The King James Version with Strong's Numbers:
Deu 22:5 The woman H802 shall not H3808 wear H1961 that which pertaineth H3627 unto a man, H1397 neither H3808 shall a man H1397 put on H3847 a woman's H802 garment: H8071 for H3588 all H3605 that do H6213 so H428 are abomination H8441 unto the LORD H3068 thy God. H430
H1397 ("man") is the operative term. Which connotation should be applied? H1397 ("man") is "geber" in transliterated Hebrew. According to Strong's, there are 65 occurrences of geber in the JKV. According to the King James Concordance, there are 70 occurrences. The connotation intended for each occurrence is debatable. Scholars disagree.
Adam Clarke's Commentary on the Bible states:
The woman shall not wear that which pertaineth unto a man - כלי גבר keli geber, the instruments or arms of a man. As the word גבר geber is here used, which properly signifies a strong man or man of war, it is very probable that armor is here intended.... It certainly cannot mean a simple change in dress, whereby the men might pass for women, and vice versa. This would have been impossible in those countries where the dress of the sexes had but little to distinguish it, and where every man wore a long beard.
Clarke highlights the debated issue. However, Deuteronomy was for the Israelites. They had a dress code of sorts, sorting out males and females.
It seems to me that Deu 22:5 was aimed at the Israelites to keep the men (sex) warriors and the women domestic. It seems to be extreme, militant nationalism for the sake of empire, which strikes me as anti-Christ: Old Testament versus New Testament.
So, does Deu 22:5 apply to Christians? If one considers circumcision, it certainly can't be ruled out that Deu 22:5 does not apply. The issue was never addressed the way circumcision was. If it had been, the same arguments today and the same logic then would probably have prevailed. Clarke's point about gentile nations with no truly distinct male/female dress codes would very likely have come up. I should think that the Christian council would have handled dress (men in what were unisex skirts) the way it handled circumcision. It officially/formally allowed the uncircumcised to become members of the church and did not require them to be circumcised (did not require them to follow the Jewish religious law regarding circumcision).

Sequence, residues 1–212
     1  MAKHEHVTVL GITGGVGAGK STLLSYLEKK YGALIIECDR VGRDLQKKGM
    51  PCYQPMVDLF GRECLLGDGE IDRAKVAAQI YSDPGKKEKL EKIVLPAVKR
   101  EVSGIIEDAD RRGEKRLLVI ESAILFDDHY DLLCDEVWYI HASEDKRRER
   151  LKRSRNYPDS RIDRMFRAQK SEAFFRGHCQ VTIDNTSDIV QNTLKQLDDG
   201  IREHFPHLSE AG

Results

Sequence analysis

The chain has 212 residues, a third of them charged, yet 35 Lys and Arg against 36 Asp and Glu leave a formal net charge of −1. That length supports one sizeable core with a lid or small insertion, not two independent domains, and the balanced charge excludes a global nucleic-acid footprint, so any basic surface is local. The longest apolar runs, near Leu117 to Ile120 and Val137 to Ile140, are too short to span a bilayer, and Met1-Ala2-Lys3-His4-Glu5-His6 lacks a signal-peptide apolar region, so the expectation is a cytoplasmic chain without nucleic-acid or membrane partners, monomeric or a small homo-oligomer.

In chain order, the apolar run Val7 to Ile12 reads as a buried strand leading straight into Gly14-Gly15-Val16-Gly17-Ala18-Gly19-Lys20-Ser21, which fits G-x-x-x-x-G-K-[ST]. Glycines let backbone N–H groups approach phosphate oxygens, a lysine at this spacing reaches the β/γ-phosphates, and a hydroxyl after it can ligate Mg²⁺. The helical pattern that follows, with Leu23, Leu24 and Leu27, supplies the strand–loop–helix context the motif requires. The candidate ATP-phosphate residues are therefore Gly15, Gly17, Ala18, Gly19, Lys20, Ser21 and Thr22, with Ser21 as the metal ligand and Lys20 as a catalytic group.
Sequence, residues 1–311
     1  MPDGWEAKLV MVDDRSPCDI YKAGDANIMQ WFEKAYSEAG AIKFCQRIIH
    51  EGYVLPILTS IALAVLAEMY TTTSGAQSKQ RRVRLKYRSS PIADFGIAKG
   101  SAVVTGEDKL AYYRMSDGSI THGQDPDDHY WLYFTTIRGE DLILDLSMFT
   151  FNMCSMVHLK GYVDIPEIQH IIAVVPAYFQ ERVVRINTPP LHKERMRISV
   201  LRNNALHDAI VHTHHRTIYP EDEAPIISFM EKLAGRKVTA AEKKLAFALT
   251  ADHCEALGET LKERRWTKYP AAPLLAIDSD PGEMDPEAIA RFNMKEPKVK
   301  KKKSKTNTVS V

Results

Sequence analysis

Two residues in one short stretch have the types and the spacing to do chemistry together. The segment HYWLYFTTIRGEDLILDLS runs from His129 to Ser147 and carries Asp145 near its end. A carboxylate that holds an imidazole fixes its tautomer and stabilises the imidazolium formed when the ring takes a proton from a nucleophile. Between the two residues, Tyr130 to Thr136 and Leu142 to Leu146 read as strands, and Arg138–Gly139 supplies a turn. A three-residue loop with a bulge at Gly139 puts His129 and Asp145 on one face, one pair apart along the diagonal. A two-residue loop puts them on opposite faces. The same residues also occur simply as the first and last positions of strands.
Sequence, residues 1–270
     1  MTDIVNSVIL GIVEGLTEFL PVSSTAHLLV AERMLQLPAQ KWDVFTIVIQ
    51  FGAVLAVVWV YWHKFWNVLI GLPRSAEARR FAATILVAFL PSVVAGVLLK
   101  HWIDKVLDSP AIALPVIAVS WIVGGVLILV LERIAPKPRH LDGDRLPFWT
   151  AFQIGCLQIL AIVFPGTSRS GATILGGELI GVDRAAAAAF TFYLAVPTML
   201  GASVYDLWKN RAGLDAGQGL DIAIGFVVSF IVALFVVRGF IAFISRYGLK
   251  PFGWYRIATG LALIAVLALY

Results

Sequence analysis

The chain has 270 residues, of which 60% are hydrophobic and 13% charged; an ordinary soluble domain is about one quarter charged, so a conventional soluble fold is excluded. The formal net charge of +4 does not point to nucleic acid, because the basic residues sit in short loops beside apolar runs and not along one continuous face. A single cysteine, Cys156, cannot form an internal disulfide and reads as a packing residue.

Gentile men in skirts were converting to Christianity in droves, and the fact that they were in skirts never came up as an obstacle or matter for debate. Jewish men were wearing tunics (open bottom, not pants). Jesus wore a tunic. Paul wore a tunic. Paul's concern was with effeminacy, which apparently wasn't determined by him to be a matter of whether one wore a skirt.
Regardless, we need to define the term effeminacy as he originally intended and more importantly determine whether every word that came out of the mouth of Paul jibed in letter and spirit with the Gospel message of Jesus. As far as I'm concerned, Paul made huge mistakes in his understanding of the message of Jesus. The most significant is where Paul tells us to obey the powers that be. Jesus didn't do that, and he told us to obey the higher law even if it meant being martyred for doing so.
Effeminacy clearly is not wearing a skirt, per se. Skirts are worn by plenty of males in the world who generally are not considered effeminate. However, is anti-male effeminacy (in the modern sense) the actual position of Jesus?
A male certainly didn't have to be a Deu 22:5 warrior in order to be accepted by Jesus. In fact, while Jesus would accept such a person, he would admonish that one not to engage in violence. How many people are confused today into thinking that the anti-violent male is necessarily feminine?
However, just how much may a male be in touch with his feminine side (in the modern sense) before crossing a forbidden line? I don't have the Christian answer to that (yet). I do accept transsexuals, as I accept intersex people.
Regardless, I have no problem with men in skirts or other open-bottom clothes whatsoever. Open-bottom clothes for men help raise their testosterone. Therefore, wearing open-bottom clothes cannot be inherently effeminate.